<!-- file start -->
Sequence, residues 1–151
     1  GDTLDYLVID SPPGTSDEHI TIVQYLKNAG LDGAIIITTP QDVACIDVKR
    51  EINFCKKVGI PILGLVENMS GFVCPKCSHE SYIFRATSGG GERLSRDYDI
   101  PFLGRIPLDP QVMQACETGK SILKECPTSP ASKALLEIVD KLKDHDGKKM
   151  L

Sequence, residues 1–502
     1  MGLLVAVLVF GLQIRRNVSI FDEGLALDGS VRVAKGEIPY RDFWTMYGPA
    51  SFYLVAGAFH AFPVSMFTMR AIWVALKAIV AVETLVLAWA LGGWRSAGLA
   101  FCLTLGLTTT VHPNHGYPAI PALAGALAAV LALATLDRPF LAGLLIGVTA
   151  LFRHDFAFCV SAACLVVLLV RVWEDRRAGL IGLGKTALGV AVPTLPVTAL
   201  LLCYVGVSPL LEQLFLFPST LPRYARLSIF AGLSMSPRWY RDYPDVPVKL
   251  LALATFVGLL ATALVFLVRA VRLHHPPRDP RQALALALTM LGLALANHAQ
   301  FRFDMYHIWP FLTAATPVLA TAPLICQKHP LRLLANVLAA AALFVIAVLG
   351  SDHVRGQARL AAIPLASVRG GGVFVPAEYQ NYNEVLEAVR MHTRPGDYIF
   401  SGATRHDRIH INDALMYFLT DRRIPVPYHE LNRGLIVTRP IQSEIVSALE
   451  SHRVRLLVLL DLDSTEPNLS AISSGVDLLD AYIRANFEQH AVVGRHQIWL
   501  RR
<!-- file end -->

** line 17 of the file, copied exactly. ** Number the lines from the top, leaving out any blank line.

   501  RR